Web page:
7-day crossing of Mallorca on the GR221 route

Mountain range, region / State

Serra de Tramuntana / Spain



04. 11. - 11. 11. 2023


3 / 5


↑ 6441 m

↓ 6393 m


118.3 km

8 days


max. 1210 m n.m.

min. 1 m n.m.

Elevation profile of the route

Meters climbed: 6441 m
Dismal metres: 6393 m

GR221 - Crossing of Mallorca

Starting point

The trek starts in the town of Andratx, in the western part of the island.

Description of the hike

1. day

We started our route in Port d'Andratx, where there is a direct bus from Pollency. We ascended to the pass of Vermell (286 m), where we eventually bivouacked in the beautiful sunset with a flock of brown vultures overhead. Bivouacing is not exactly allowed in Mallorca, but let's just say it is tolerated, there are patches made all along the route by people who have stayed overnight. It's just a good idea to stagger your route so that the night doesn't come out on the mountain tops, it's hard to find the equator and leeward areas there. Mountain huts for overnighting are also along the way. There is a charge for the night, but you will have the luxury of a bed and a hot meal.

2. day

The next day we walked through the coastal village of Sant Elm and continued on. GR221 is marked on the maps, but we saw the ofocial signposts only from the ruins of the antic monestir de La Trapa until then we walked more on the built stone men. The route was well marked then. We spent the night in the parking lot of the coll de sa Gramola.

3. day

On the third day, we had a beautiful valley with donkeys, goats and sheep. We then climbed the Pas d'en Ponsa (686m) and continued along the trail to the Font de s'Obi spring - one of the few places where you can get water other than by buying it. The bivouac hut was occupied so we continued on and slept a bit on the punk at the luxury villas above the village of Banyalbufar. There were cameras everywhere but darkness was falling fast so we crawled a little out of the way and tried to be invisible. If we'd known what was coming next we'd have walked a few more metres to the Coll des Pi saddle, there were more flats there.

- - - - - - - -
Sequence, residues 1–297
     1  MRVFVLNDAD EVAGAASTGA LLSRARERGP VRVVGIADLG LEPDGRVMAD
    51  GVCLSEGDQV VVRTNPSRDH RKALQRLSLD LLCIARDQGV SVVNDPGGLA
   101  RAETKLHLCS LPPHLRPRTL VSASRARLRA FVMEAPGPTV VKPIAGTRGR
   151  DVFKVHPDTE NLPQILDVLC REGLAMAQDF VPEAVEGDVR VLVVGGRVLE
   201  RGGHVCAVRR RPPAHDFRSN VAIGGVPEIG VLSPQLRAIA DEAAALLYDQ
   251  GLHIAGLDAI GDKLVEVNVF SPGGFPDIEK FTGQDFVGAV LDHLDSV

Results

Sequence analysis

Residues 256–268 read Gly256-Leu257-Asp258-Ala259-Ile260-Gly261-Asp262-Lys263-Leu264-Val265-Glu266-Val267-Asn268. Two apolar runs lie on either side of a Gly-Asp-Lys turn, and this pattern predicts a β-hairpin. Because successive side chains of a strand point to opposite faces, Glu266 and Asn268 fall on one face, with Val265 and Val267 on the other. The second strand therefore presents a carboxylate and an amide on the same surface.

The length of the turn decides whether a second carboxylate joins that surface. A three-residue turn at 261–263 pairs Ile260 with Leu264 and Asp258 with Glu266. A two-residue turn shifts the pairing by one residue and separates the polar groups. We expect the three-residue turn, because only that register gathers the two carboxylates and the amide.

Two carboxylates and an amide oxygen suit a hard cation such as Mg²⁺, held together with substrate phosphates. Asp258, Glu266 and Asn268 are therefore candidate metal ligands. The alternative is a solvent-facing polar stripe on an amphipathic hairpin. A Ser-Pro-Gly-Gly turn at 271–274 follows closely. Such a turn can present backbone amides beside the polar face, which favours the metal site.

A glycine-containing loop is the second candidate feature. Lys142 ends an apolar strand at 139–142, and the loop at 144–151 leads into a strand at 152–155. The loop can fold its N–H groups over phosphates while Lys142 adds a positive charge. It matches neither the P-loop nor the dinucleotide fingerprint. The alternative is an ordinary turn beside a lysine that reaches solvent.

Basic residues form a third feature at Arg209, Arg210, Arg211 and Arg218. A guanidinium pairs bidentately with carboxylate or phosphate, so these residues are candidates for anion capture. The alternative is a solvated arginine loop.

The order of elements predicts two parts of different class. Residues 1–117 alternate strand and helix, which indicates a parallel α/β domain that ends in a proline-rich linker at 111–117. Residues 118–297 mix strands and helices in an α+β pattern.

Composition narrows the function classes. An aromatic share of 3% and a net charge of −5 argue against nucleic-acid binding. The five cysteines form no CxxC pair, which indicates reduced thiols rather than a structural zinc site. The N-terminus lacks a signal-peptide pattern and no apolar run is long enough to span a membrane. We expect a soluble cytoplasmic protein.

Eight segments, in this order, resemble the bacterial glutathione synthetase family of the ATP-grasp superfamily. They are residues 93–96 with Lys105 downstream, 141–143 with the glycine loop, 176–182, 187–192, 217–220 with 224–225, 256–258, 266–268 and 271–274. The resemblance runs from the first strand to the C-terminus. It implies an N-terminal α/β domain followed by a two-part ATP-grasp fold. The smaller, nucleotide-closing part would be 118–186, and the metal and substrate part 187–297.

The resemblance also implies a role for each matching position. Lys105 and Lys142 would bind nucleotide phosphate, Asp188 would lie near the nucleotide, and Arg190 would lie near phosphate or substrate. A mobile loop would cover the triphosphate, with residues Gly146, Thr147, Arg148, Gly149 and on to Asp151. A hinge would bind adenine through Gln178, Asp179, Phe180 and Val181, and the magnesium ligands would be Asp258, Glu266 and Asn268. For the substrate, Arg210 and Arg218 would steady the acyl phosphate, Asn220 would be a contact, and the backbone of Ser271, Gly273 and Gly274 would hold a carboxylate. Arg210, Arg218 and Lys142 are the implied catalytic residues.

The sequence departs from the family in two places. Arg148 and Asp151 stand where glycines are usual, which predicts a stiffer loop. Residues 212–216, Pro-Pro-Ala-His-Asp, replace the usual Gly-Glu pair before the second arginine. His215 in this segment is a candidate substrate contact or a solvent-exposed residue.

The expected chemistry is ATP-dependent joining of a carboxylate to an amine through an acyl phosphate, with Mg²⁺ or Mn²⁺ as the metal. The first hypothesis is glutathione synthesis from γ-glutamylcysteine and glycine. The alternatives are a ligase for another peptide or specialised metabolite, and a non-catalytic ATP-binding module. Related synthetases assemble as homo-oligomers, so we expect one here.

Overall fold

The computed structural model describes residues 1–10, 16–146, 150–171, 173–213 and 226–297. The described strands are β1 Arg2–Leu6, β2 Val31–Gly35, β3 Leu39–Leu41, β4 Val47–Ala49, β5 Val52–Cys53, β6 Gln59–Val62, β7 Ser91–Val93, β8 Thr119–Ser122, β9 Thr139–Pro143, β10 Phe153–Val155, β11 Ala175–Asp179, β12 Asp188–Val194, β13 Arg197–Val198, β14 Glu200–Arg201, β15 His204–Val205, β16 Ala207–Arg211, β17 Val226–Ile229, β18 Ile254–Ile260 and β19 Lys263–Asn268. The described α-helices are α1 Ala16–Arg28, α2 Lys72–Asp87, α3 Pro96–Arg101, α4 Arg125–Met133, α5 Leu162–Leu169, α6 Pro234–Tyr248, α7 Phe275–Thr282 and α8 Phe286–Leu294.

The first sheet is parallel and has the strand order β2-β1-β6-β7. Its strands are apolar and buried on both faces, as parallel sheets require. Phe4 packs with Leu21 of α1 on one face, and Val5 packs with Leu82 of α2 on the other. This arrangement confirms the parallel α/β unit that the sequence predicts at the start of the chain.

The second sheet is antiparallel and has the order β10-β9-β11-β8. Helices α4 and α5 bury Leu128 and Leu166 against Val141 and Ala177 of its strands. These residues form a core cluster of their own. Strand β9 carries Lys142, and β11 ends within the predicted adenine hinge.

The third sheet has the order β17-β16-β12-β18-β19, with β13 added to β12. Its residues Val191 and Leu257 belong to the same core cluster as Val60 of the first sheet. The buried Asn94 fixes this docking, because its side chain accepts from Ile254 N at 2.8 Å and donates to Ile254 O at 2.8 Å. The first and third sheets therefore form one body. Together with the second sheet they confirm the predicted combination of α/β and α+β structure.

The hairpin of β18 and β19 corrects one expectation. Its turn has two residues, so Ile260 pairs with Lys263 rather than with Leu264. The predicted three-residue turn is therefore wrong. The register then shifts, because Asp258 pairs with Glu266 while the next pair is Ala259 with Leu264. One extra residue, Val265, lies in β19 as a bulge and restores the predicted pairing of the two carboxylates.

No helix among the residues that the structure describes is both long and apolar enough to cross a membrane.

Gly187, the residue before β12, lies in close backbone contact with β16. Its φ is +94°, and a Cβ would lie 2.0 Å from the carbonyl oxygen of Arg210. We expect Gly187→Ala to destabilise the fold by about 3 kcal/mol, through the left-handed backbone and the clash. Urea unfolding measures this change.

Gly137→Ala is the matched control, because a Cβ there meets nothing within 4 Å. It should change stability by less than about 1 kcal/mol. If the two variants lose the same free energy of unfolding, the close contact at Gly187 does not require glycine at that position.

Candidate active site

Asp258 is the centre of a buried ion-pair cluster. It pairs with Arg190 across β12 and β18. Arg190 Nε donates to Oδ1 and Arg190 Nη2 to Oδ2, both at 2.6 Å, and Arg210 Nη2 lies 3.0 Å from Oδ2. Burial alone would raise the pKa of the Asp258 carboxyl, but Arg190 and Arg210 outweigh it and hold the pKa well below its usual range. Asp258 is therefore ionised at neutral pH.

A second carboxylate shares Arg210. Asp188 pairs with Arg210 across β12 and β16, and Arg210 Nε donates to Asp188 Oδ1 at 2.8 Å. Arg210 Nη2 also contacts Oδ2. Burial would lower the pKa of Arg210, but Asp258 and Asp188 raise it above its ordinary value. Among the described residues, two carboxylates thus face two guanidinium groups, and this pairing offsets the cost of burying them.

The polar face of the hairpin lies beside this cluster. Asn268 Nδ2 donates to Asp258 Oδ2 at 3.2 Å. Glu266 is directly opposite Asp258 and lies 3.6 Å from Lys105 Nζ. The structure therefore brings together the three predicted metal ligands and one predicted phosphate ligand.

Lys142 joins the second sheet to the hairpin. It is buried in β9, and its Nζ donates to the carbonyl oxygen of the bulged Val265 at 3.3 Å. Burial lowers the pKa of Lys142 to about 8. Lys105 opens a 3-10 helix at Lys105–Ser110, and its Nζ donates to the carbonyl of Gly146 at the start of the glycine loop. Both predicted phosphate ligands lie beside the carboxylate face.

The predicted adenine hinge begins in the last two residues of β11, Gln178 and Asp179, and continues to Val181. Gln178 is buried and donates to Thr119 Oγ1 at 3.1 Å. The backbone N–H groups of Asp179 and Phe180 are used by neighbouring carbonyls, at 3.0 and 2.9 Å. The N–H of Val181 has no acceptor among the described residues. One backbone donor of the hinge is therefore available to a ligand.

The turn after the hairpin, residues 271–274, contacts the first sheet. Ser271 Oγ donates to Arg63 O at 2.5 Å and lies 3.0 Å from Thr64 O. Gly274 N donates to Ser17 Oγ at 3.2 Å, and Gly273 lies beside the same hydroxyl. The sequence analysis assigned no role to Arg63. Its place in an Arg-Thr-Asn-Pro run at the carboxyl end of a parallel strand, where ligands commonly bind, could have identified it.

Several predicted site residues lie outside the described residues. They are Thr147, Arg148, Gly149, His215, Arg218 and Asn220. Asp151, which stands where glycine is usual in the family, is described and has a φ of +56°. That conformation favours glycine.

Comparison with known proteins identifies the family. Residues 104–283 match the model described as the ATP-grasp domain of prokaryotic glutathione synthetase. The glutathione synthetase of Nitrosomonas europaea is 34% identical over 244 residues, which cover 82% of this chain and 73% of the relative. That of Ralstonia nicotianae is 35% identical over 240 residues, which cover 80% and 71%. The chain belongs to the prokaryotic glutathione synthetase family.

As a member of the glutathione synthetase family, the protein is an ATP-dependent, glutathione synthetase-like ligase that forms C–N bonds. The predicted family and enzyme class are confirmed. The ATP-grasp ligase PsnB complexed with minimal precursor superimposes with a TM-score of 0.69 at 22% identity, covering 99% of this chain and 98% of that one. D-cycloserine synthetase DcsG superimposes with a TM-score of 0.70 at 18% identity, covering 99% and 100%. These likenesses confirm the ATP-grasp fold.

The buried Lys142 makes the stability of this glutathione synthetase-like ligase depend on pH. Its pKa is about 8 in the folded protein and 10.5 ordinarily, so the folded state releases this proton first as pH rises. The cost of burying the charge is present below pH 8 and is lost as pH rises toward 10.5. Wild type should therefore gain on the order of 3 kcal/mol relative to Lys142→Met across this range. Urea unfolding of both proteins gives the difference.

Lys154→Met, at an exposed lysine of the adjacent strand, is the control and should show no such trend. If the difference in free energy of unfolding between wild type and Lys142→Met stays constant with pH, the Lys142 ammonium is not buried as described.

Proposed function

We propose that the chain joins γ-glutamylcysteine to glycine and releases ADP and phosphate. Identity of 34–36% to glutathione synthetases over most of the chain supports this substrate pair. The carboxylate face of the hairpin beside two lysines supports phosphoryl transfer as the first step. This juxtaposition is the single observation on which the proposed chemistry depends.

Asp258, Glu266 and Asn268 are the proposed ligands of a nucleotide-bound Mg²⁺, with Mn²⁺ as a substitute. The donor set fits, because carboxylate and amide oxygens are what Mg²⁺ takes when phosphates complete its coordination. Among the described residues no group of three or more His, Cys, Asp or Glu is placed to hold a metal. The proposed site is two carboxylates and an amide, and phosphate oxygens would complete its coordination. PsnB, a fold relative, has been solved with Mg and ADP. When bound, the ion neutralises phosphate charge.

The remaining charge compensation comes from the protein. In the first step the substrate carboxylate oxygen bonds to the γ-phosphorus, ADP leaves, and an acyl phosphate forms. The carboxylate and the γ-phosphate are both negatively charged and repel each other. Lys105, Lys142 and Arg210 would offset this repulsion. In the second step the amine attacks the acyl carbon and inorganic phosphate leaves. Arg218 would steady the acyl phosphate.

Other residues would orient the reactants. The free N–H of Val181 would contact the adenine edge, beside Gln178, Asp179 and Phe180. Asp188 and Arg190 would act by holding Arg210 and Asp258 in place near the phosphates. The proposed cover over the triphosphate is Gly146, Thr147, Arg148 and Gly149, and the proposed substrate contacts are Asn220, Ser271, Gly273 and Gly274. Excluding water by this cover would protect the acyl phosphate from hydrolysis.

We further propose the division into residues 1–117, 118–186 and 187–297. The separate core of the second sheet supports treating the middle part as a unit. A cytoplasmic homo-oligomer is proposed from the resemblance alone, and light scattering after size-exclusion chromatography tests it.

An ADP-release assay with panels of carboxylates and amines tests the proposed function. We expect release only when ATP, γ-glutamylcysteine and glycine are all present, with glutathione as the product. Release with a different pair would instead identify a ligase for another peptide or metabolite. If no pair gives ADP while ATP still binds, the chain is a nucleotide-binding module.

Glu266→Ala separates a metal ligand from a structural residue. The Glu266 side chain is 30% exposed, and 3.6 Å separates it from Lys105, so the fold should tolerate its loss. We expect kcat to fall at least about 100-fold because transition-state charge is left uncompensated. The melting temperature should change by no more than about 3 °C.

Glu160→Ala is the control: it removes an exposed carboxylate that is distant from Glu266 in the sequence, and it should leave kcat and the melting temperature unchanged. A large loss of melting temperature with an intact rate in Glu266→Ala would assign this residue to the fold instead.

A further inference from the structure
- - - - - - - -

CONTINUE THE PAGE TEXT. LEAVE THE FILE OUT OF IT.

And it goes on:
4. day

The next day we walked through the village of Esporles, where you can buy food and drink. We got a little lost climbing the Mola de sa Comuna (714m), but found and retraced our steps through the beautiful village of Valdemossa to the bivouac hut Refugi de son Moragues, where we stayed for the night.

5. day

In the morning we had to climb Es Caragolí (945 m). It was a beautiful view, no people anywhere, perfect weather. Then we descended to Deiy and then to Soller, where there were a lot of people. We quickly made it through and headed up the climb to the coll de l'Ofre. We didn't make it, so we camped about halfway up the hill on the olive terraces overlooking the twinkling Soller.

6. day

On the sixth day we found an abandoned donkey, where we hid and waited for the rain to pass. The rest of the day was quite challenging. The wind was strong, it was muddy and we had to climb the highest point of our trip - Coll des Prat (1205 m) and then descend to the most beautiful village on the route - Lluz . It's hard to say whether it was the relief of having made it through the day or the local atmosphere, but this mountain pilgrimage village is my favourite memory of the whole route. We stayed overnight in the parking lot, we were allowed to do so by the owner of a local restaurant, but he warned us that a ranger was coming to check on us every morning at 7am, so we should get up early. It was no problem. Otherwise, I recommend the local restaurant! They have great Paella (classic Spanish risotto) and the service is very nice.

7. day

In the morning we visited the botanical garden in Lluc and admired the huge sundial on the hill Pujolet des Misteris. Our last day was the last one, when we reached Pollenca. Officially the route ends at Port de Pollenca, but the road is then along a busy road, so we took a bus ride.


An easier long-distance trek primarily on natural trails (roads all the way to the Port). Ideal for spring/autumn when Mallorca is less crowded and less hot. The elevation gain is not challenging, the terrain is also manageable, no climbing or ferrata. The highest point is Coll des Prat (1205 m). Even trained dogs could manage the route.

Water availability

Almost no water, you have to buy it, but you can get it every day in some mountain village.

Sleeping options

We slept under a tent, a sleeping bag. If it rained we had only a tent, we didn't carry a tent. There are also bivouac huts on the way.

Mountain peaks

There are no cable cars on the trail, you can hike everything, the views are worth it and are beautiful from every ridge you find yourself on. The highest point of the trek is Coll des Prat 1 205 m above sea level.


Probably the biggest danger is the lack of water during the summer, otherwise it is quite a safe trek.


We had our own supplies, we couldn't get a gas bomb, even though there are two decathlons in Palma, they were sold out. But there are plenty of restaurants along the way where you can buy good food.

Posted by: 08. 02. 2024
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